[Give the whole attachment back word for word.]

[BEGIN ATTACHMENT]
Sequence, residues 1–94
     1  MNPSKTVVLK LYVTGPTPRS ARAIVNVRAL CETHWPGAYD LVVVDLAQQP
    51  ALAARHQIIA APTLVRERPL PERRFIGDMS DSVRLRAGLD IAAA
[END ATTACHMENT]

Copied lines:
Sequence, residues 1–94
     1  MNPSKTVVLK LYVTGPTPRS ARAIVNVRAL CETHWPGAYD LVVVDLAQQP
    51  ALAARHQIIA APTLVRERPL PERRFIGDMS DSVRLRAGLD IAAA